Double standards apply to women who work. A woman who does successfully juggle a full-time job and a family is suspected of being too hard, neglecting her family in her ruthless pursuit of the top. A woman who works part- time while her children are young is seen to be only dabbling in the job and is less likely to be taken seriously than her full-time counterpart. A woman who takes a career break is seen as uncommitted to her career and too old to fit in when she returns.
Attitudes must change. This country cannot do without its female workforce and all efforts must be made to make the most of their skills while accepting that, for a few years, their role as mothers is vital. Work-place nurseries and tax-relief on child care would instantly reduce both financial and physical pressure. Better opportunities to train and work on a part-time basis, or to tailor hours to school days and holidays would indicate a more realistic attitude from employers.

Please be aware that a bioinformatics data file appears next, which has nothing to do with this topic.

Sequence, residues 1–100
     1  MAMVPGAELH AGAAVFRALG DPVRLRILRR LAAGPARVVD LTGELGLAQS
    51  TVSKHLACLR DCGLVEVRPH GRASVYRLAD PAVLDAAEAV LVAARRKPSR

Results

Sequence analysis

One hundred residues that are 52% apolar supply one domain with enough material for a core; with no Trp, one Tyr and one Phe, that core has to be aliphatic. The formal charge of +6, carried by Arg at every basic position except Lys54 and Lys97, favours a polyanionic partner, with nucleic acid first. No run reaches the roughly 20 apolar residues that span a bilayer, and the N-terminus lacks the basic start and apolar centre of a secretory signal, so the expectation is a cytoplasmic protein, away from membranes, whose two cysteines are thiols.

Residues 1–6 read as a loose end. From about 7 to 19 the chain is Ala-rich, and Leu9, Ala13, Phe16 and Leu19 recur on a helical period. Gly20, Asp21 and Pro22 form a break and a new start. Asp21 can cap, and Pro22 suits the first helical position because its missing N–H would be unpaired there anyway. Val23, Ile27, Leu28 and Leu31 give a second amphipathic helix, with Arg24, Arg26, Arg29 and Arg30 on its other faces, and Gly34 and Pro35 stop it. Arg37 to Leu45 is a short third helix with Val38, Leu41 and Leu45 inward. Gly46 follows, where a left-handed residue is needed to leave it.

Improving the opportunities for working mothers and reducing the pressures they often experience can only have a beneficial effect on their families.
Dr JUDITH KERR